In the process, Tate also upset plans for Kiwanuka to fight for the International Boxing Federation title.
HBO Sports was reported to have already begun negotiations to have Kiwanuka meet IBF champion Charles Brewer in March, possibly at the new Apollo of Temple sports arena in Philadelphia, which is expected to be completed before the end of the year.
That was assuming Kiwanuka and Brewer (of North Philadelphia), who defends his title against Boston's Joey DeGrandis at the Blue Horizon on Dec. 2, both won.
And that is no longer the case.
``We're going to try now to get Tate to become the mandatory [opponent], even though he wasn't even ranked,'' promoter J Russell Peltz said. ``Nobody else in the division means anything, and Tate's the man now.''
That's fine with Tate.
``First of all, I was just glad to have the opportunity to fight in the Blue Horizon. It was my first time here and I put on an excellent show,'' the not-so-modest Tate said. ``[Next] maybe I'll fight Charles Brewer for the IBF title back here in Philadelphia. I don't know yet.''
The future is less certain for Kiwanuka, although his trainer, Eddie Mustafa Muhammad, is optimistic the Uganda-born, Las Vegas-based fighter will rebound.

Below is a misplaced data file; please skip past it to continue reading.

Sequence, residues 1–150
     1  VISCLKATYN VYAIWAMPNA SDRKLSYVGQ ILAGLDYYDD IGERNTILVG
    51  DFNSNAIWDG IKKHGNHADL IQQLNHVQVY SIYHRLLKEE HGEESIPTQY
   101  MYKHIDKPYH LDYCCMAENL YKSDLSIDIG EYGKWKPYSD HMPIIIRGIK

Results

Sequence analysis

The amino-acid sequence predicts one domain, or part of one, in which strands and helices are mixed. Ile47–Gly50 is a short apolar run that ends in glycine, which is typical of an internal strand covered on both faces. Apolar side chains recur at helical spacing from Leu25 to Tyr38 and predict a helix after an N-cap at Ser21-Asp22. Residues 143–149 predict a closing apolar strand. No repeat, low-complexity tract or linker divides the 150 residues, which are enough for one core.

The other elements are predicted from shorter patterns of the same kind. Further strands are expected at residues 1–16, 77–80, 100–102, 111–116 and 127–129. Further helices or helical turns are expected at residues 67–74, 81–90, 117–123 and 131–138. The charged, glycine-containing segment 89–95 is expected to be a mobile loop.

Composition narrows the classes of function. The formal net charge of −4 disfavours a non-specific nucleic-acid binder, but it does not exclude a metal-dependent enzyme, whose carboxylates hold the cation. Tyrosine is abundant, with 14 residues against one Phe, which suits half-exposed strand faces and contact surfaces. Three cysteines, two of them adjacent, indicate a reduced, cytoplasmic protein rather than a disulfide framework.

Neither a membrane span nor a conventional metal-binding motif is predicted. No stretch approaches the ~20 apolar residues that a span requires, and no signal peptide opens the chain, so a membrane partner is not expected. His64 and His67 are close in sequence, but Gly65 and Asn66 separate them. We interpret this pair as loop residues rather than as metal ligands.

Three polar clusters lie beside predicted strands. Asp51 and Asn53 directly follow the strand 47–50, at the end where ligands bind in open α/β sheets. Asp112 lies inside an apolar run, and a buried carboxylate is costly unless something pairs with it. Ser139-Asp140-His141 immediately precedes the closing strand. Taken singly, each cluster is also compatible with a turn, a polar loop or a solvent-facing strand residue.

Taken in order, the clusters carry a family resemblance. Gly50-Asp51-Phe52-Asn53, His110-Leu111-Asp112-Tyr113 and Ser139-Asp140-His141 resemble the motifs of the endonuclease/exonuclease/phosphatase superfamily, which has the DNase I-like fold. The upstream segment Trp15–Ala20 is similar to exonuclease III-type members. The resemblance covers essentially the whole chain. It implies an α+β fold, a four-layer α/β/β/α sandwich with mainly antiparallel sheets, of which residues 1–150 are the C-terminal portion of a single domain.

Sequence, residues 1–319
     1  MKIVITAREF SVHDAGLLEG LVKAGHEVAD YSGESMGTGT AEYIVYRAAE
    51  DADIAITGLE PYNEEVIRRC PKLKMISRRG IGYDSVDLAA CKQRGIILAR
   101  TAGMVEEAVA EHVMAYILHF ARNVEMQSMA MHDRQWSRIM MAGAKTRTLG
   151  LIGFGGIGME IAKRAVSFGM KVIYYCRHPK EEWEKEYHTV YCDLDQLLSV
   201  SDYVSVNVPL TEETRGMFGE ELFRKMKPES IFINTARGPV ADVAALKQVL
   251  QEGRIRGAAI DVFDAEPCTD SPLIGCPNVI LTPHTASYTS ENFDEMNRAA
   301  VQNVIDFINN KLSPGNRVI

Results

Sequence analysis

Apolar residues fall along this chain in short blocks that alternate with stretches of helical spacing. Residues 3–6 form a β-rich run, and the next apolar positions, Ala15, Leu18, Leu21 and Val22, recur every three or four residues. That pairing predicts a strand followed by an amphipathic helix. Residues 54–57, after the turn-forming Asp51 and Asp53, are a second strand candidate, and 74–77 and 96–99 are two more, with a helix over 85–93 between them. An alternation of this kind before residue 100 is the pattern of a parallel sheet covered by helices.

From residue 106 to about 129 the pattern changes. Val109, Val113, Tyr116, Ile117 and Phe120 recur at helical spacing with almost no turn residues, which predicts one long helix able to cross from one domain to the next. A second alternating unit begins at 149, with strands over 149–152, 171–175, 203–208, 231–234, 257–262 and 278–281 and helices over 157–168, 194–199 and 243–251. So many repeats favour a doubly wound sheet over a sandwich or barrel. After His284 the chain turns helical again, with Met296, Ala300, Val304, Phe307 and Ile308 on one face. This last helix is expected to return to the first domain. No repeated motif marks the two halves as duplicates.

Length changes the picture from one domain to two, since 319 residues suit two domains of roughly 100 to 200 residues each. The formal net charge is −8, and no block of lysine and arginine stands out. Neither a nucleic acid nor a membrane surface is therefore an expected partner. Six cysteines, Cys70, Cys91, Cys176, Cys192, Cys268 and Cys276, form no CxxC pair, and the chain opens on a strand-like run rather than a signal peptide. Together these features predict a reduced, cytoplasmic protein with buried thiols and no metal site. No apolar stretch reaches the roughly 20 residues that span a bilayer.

``It's not the end of the world,'' Mustafa Muhammad said. ``This was one great fight, a nip-and-tuck fight. Joseph got rocked and Tate got rocked. It could have gone either way.''
Two judges had the fight even and one had Tate ahead by a point when the knockout came.
``He'll come back,'' Mustafa Muhammad predicted. ``This is just a learning experience.''
``I'm going to take a couple of days off - maybe a few weeks,'' a dejected Kiwanuka said in a whisper. ``Then I'll be back.''
PUNCH LINES Junior welterweight Jermal Corbin (14-2), of Logan, lost a sixth-round technical knockout to Mike Griffith (17-5), of Cleveland . . . Light heavyweight Antonio Tarver (6-0), a 1996 Olympic bronze medalist from Orlando, scored a third-round TKO over Benito Fernandez (17-8), of Spartanburg, S.C.